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Help children to dream big

A bio Jason F. Wright wrote to accompany his first attempt at published authorship, at the age of 11, is shown. — Courtesy Jason F. Wright.

Jason Wright

By Jason F. Wright

I submitted my first manuscript for publication 30 years ago this week. It wasn't my first completed project, but it was the first that felt polished enough for consideration by a seasoned acquisitions editor in New York City.

It was the touching tale of two orphaned rabbits that taught the true meaning of Christmas to a ragtag bunch of bunny buddies. It was called "Molly and Polly's First Christmas," and I had visions of building the brand into novels, a movie and maybe a television series. It would, naturally, feature a robust merchandise line led by two white, plush rabbits with adventurous, big-button eyes and leather jackets on their backs.

I was confident I'd never written anything at this level and the time had come to test the publishing waters. After all, I wasn't a kid anymore. I was 11.

I wrote the manuscript on my parents' brand new IBM electric typewriter using three-hole-punched notebook paper because it was all I could find when inspiration hit. The play grew into 11 pages of riveting narration with the kind of snap, crackle and pop dialogue that grabs the audience by the collar and dares them to look away.

In addition to the strong female leads, the story also introduced the world to Dolly, Holly, Olie and a grocery stock boy. Because I wanted to show prospective publishers that the play had production viability, I talked a teacher into letting me produce and direct it for the class. I even included a short bio under the header: "ABOUT THE AURTHER."

I also added the actors' names on the draft I submitted, because nothing lends credibility like having the first names of my fifth-grade actors scribbled in pencil next to their roles.

Several weeks after I sent the manuscript to a publisher in the Big Apple, I received a postcard informing me that my submission had been received and was under consideration. At the time I had no idea it was merely a procedural formality. As far as I was concerned, I'd cleared the first screening and a team of highbrow men in their tweed jackets and brilliant women in their business suits were debating the marketability of "Molly and Polly."

I never heard back. Perhaps it's still under consideration?

Undeterred, I moved on and co-authored a nonfiction manuscript with my neighbor Sally, one of my best childhood friends. It was called, "The Ultimate Contender: When Sharks Attack," and it went to a publisher with pencil drawings. About the same time I submitted a short manuscript about a family of mice who won the state lottery and helped free their extended family from Communist Cuba.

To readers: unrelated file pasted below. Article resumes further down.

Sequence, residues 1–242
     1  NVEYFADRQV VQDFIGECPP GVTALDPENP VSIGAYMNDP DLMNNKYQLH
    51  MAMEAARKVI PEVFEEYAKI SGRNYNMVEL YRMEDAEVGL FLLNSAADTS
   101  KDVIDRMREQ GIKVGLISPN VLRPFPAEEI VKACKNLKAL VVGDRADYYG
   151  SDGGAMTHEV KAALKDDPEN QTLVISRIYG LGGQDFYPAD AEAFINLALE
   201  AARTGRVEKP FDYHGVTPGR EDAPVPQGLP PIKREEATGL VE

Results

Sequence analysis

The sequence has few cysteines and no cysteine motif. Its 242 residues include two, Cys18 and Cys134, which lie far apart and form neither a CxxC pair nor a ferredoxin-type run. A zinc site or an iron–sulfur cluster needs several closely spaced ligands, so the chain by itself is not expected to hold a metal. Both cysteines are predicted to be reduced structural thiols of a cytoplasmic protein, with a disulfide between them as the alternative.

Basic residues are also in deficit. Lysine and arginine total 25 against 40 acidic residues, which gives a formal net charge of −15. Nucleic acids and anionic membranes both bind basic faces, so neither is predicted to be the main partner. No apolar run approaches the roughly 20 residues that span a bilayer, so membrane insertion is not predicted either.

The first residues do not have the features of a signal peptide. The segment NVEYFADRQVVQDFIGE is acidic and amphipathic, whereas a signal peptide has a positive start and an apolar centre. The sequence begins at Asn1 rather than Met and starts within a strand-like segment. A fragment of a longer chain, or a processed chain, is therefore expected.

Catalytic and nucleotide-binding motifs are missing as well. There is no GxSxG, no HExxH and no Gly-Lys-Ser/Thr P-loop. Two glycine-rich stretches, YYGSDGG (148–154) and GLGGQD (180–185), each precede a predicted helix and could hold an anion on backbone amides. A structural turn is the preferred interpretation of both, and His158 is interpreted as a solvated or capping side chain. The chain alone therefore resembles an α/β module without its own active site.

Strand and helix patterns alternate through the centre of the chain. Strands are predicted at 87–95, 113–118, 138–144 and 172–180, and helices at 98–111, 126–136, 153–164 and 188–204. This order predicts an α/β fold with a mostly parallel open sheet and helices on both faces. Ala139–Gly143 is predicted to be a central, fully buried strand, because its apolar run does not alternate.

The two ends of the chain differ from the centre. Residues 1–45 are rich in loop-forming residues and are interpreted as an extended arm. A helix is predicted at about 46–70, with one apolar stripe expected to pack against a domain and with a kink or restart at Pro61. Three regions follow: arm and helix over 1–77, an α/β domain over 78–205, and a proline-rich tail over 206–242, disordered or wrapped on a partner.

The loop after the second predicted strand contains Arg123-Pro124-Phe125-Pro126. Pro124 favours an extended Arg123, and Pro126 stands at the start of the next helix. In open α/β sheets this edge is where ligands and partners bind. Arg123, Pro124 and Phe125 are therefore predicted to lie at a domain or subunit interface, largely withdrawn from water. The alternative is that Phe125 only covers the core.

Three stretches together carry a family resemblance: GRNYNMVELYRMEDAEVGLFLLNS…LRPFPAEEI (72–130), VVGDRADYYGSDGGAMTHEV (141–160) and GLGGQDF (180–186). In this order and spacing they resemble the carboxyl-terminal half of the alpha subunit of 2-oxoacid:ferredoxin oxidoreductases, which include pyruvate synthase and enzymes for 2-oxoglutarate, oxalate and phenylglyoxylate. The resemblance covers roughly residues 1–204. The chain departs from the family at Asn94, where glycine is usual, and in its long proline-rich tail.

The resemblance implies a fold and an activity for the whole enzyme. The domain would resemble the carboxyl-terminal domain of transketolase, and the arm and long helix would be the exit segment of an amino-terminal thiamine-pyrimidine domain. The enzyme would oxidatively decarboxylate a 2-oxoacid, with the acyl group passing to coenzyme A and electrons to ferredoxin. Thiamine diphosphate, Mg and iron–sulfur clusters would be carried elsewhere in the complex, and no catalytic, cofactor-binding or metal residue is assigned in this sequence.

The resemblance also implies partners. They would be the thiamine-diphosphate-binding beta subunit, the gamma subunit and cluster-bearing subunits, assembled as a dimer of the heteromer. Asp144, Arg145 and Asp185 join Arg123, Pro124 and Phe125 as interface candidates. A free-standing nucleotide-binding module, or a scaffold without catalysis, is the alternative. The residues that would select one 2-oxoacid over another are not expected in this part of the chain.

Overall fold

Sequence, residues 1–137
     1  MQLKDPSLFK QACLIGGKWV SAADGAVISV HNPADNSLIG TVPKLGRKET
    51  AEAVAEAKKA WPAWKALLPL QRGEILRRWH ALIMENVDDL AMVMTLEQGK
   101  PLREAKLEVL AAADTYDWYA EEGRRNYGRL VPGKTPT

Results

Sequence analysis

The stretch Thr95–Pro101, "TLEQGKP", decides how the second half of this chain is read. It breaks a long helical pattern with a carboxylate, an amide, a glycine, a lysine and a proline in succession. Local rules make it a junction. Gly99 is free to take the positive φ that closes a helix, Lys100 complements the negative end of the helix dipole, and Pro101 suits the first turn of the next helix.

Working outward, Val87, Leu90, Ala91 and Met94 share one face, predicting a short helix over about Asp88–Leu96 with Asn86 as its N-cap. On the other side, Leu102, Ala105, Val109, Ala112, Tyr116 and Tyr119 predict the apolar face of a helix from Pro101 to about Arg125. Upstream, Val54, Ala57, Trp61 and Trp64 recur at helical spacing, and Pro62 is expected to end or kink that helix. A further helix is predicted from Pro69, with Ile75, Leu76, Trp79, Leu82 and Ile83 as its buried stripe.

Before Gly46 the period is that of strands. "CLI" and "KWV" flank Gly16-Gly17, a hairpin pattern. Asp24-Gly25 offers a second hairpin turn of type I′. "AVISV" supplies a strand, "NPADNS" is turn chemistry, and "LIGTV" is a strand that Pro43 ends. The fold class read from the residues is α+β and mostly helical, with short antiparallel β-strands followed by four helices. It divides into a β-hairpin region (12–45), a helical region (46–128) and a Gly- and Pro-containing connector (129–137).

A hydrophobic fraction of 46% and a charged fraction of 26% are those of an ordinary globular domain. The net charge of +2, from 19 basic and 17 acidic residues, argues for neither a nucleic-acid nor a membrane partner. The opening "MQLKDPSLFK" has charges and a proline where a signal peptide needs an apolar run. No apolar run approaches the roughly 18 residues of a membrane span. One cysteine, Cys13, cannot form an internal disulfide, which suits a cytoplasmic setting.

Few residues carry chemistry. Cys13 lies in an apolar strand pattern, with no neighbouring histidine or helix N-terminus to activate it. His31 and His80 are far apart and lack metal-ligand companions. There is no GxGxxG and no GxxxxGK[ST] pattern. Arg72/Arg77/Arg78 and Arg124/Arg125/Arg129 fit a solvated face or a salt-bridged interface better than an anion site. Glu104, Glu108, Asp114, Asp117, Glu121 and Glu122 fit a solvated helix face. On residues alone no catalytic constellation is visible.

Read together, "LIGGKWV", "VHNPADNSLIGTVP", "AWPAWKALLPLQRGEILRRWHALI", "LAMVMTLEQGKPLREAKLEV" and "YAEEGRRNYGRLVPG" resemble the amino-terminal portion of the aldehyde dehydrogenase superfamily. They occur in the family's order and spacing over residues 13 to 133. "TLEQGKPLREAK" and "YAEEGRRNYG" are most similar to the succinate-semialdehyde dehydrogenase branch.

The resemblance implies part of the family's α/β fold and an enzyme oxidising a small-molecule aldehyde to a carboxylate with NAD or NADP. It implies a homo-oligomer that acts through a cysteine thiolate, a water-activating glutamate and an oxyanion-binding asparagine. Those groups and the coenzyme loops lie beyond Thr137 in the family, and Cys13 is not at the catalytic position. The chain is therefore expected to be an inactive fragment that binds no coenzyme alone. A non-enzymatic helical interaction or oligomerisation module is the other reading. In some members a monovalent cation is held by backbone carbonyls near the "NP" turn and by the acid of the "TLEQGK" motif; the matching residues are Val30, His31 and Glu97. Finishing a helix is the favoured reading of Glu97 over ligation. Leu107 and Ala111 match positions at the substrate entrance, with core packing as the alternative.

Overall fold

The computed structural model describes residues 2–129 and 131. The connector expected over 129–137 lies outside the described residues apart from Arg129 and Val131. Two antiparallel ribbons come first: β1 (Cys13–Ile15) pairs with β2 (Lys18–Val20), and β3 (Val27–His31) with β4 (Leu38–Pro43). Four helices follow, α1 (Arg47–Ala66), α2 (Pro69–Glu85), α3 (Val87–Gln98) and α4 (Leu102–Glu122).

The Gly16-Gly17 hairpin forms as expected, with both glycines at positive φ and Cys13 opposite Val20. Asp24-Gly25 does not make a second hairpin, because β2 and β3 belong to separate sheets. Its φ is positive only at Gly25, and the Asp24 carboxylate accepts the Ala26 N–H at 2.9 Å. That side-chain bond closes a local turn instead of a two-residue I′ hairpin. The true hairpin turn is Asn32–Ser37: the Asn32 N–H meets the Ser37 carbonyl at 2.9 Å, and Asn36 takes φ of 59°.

Neither project was published.

When I was 16 years old, my mother helped me self-publish a book of bad poetry and photographs. I called it "Sitting on the Dock" and I arranged to have it sold at local bookstores and from the trunk of my Datsun 210. It never made a best-seller list, but it did land me on the front page of the local paper and the evening news.

Years later, my wife didn't blink when I wrote a novella called "The James Miracle" and, soon after, "Christmas Jars." She made the idea of shifting gears from politics and public policy to a career as a writer sound the most natural thing in the world.

And isn't that how it all started?

I've been surrounded my entire life by family and friends who convinced me anything was possible and that success didn't always mean first place, a big prize, winning the part or getting the job. What a miracle that the notion of an 11-year-old boy submitting a manuscript about talking bunny rabbits was the most obvious thing in the world.

Do you have a budding artist, author, actor or athlete in your home, classroom or extended family tree? If one of them approached you today with "Molly and Polly"-sized dreams, would you pat them on the head and send them off? Or would you crouch down to eye-level, put your hands on their shoulders and respond as if their grand idea is the very best you'd ever heard?

No matter your approach, children should know that sometimes runways are longer than we'd like and it's perfectly fine if dreams change their wings. But if they believe, and if they know you believe, too, then those dreams will eventually take flight -- even 30 years later.

Exactly what did Molly and Polly teach about the true meaning of Christmas? Sorry, you'll have to wait for the movie.

Jason F. Wright is a New York Times best-selling author of 10 books, including "Christmas Jars," "The Wednesday Letters" and "The 13th Day of Christmas." He can be reached at feedback@jasonfwright.com or jasonfwright.com.


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